But the ghosts of history, powerful though they may be, cannot rule Rome. Caesar’s teenaged great-nephew and heir Octavius deftly stepped into the void created by the assassination, and began to shape the future by controlling the past. First, he officially changed his name to Julius Caesar, immediately winning the loyalty of both the people and Caesar’s military legions on the historical strength of the name alone. And when he split with his former ally Antony, he embarked on a systematic propaganda campaign to depict Antony as an enemy of Rome. He read Antony’s private will in the Senate, revealing that Antony had made Cleopatra’s children his heirs and requested to be buried in Egypt. Octavius made sure that all of Rome knew of Antony’s associations with the shameless foreign queen Cleopatra. “Contemning Rome, he has done all this,” says Shakespeare’s Octavius, all but erasing Antony’s history as a defender of Rome and of Caesar’s memory. After defeating Antony and Cleopatra in battle, he finished the job his great-uncle Caesar had begun; the Senate granted him dictatorial powers, and the Roman Empire was founded. Caesar’s ghost of history could finally rest, and Octavius received the new name Augustus (“the lofty one”).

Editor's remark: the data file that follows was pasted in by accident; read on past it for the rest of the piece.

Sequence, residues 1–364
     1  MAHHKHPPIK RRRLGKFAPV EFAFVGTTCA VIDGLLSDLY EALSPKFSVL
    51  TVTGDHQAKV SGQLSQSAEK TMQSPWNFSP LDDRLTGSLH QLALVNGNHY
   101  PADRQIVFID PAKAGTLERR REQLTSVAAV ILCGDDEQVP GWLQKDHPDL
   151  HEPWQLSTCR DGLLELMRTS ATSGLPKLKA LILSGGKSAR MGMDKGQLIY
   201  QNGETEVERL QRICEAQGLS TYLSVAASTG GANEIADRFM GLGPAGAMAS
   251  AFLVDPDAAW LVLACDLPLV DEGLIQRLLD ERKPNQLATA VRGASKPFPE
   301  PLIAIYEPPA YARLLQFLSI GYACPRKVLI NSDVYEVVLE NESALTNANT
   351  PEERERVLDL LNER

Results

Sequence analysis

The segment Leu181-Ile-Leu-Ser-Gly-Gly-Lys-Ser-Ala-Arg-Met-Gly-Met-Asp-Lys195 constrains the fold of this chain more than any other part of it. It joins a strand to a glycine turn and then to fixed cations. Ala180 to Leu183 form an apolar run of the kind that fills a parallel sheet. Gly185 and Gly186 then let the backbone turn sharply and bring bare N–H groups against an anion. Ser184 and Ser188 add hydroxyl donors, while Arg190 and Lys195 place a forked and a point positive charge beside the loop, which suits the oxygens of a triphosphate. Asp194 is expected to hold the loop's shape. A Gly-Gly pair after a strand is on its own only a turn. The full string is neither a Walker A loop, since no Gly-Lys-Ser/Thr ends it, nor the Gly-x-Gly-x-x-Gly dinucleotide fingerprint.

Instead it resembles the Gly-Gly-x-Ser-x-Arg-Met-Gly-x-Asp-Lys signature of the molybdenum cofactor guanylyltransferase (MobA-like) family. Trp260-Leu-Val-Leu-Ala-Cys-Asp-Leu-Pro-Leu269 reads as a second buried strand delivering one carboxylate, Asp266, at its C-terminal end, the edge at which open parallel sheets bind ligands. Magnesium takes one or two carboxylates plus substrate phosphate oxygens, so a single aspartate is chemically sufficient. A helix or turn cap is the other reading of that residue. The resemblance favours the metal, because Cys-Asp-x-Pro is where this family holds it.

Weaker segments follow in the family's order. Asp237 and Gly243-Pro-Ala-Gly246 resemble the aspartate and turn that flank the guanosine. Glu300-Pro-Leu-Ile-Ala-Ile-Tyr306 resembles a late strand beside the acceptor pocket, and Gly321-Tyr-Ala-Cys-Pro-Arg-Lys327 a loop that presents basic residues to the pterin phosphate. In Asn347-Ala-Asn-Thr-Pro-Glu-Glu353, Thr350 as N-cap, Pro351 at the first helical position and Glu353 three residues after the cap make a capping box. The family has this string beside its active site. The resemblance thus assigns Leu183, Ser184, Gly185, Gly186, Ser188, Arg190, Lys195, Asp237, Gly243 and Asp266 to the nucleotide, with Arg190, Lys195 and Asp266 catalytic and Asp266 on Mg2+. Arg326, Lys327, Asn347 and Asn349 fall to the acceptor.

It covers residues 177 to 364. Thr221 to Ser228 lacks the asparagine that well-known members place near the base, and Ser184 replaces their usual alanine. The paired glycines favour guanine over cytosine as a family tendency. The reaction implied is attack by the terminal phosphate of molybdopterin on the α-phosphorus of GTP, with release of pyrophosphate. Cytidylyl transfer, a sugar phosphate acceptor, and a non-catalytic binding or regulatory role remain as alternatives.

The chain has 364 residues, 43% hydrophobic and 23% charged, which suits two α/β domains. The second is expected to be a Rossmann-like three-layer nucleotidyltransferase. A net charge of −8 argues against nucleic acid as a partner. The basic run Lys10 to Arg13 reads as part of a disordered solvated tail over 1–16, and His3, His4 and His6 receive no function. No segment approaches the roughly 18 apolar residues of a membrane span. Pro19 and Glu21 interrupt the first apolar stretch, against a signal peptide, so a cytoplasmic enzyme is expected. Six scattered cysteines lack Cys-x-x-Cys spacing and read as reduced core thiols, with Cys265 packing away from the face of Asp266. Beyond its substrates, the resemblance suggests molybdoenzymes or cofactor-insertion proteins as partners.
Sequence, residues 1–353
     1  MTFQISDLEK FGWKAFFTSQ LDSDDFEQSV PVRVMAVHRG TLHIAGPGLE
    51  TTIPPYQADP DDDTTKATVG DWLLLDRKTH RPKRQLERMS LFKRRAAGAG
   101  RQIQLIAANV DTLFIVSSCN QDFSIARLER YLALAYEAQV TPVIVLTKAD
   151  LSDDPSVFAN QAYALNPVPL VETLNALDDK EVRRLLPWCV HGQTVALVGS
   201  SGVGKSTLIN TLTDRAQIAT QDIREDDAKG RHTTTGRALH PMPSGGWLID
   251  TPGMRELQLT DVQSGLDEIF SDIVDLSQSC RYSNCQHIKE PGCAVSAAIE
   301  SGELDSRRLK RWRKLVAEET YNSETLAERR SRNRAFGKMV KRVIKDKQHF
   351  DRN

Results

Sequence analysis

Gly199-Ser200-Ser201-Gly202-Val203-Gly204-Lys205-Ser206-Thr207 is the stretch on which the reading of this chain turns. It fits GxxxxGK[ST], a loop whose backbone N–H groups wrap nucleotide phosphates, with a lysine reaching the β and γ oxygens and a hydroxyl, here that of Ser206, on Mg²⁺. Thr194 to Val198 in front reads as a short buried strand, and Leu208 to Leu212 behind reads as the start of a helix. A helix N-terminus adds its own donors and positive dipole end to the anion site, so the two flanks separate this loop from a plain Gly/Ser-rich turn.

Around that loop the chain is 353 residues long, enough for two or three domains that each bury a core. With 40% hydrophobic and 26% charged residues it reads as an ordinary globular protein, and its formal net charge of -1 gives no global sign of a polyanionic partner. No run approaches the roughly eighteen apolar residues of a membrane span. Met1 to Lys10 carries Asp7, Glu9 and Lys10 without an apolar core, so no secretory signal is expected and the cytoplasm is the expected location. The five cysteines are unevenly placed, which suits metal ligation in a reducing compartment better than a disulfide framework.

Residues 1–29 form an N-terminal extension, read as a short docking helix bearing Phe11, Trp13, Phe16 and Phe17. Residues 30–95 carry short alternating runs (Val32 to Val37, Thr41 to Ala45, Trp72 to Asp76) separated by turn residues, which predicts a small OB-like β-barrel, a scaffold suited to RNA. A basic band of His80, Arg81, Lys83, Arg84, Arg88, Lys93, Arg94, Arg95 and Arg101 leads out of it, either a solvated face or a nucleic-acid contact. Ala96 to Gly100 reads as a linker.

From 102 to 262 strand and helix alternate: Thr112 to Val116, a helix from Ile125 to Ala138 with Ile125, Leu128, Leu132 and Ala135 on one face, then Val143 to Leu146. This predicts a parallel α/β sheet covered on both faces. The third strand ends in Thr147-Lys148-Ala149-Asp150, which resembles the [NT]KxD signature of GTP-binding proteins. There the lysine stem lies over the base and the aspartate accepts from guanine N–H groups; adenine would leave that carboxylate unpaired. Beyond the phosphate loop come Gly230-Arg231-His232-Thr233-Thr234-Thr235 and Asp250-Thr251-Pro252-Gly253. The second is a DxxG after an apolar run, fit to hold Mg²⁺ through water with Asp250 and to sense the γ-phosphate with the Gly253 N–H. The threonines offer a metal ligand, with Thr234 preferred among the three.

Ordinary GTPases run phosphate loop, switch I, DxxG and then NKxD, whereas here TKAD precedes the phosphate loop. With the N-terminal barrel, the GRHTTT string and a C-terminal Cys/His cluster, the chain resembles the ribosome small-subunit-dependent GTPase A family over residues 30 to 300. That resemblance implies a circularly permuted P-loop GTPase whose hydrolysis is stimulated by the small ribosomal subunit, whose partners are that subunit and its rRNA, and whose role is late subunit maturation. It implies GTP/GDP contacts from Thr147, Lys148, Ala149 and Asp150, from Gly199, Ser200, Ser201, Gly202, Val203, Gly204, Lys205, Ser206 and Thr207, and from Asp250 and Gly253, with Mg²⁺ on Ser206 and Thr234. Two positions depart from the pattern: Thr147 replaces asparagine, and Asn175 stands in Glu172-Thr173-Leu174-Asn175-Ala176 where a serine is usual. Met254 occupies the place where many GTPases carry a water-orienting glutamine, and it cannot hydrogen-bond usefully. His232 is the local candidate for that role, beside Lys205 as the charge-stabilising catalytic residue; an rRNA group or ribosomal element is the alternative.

Antony critically underestimated both the power of image to change the future and Octavius’ skill at the manipulation of that image. Shakespeare’s Antony sees himself as an invincible general and cannot conceive of losing a battle to Octavius, whom he remembers as a boy who “no practice had in the brave squares of war.” When he loses to Octavius’ talented lieutenants, the shame is too great to bear. Octavius portrays Antony as a hopeless case and an enemy of Rome, and Antony’s allies defect to Octavius without resistance. Dogged by his own history, by the memory of the great man he used to be, Antony would prefer death to “the inevitable prosecution of disgrace and horror.” The man who had shaped history so skillfully at Caesar’s funeral now becomes one of its victims. Octavius wins the war more through public relations than through warfare.
“The past is never dead,” wrote William Faulkner in his novel Requiem for a Nun. “It’s not even past.” The past lived on in the Elizabethan present through the staging of Roman stories for English audiences and continues to live on in the staging of Shakespeare’s Roman stories in a future he could only imagine. The lesson of history and its uses feels as current today as it did in Caesar’s and in Shakespeare’s times. - Akiva Fox, Literary Associate